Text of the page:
Your pelvic floor is basically a muscular “hammock” that supports the womb, bowel, and bladder. Your pelvic floor muscles also control the release of urine, gas, and stool. Excessive strain, like childbirth, can damage these muscles and limit their ability to support your organs and control leakage of contents.
Estimates suggest that pelvic floor dysfunction affects 1 in 4 women. Unfortunately, only a small percentage seek medical help. Pregnancy and delivery are the primary risk factors, so women comprise 95% of presentations; however, men are not immune to developing a weak hammock. Pelvic floor dysfunction can cause symptoms in either gender, including pain, urinary urgency or loss of control, fecal urgency or incontinence, sexual dysfunction, and organ prolapse.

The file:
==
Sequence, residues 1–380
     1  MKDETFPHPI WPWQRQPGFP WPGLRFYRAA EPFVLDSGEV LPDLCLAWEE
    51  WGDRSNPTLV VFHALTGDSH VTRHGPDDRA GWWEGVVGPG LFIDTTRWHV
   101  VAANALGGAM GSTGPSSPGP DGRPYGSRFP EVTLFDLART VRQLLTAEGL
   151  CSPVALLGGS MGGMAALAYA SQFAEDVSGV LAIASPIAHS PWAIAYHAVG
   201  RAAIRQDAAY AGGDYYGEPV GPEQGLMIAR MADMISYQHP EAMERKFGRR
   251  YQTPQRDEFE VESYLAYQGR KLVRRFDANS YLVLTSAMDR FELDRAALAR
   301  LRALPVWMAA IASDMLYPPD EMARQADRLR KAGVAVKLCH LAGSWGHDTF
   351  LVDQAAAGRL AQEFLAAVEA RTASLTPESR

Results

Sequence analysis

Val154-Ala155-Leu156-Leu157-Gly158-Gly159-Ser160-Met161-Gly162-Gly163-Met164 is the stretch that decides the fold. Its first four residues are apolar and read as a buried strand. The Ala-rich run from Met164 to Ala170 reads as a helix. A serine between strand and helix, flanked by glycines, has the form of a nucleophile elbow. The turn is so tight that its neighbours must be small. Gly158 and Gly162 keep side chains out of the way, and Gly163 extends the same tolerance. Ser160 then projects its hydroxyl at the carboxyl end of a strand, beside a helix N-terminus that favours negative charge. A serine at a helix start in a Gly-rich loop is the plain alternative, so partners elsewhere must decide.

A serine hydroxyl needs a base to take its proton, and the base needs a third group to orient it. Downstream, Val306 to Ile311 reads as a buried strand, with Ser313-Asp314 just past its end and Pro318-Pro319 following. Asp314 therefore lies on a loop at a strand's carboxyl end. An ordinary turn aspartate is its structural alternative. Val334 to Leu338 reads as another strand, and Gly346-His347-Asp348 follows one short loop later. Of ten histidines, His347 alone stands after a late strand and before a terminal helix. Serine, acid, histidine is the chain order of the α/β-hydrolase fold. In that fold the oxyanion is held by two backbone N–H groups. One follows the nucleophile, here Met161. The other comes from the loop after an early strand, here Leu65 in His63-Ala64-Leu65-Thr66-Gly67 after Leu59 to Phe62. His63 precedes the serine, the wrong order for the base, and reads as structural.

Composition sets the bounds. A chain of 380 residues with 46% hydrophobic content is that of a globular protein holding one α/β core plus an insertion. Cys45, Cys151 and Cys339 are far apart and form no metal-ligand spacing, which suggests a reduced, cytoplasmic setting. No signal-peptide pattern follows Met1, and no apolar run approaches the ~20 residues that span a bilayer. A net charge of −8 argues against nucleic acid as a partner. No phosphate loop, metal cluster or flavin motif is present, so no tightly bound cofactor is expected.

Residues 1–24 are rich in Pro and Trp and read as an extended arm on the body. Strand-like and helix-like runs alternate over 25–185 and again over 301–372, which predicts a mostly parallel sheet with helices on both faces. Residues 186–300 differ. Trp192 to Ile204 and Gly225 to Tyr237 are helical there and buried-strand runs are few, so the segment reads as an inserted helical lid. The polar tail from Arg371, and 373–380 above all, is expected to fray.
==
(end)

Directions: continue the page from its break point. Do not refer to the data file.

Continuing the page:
Pelvic floor pain can range from deep and achy to sharp and piercing. Your symptoms may spread thru the pelvis, abdomen, back, and buttocks. A feeling of chronic bloating or vaginal burning is possible. Symptoms, including leakage of urine or gas, often accompany everyday activities like working, exercising, sex, coughing, or laughing. Be sure to tell your doctor if you have symptoms of fever, burning with urination, unusual periods, or blood in your stool.
If left untreated, pelvic floor dysfunction can lower your quality of life. Fortunately, treatment can help you regain control of your body’s function and limit pain. Treatment hinges on strengthening weak muscles while relaxing excessively tight tissues. When needed, a specialty-trained pelvic floor therapist can work with your doctor to provide additional treatment.
Don’t forget that symptoms will not improve overnight. Pelvic floor muscle training takes time, effort, and consistency.
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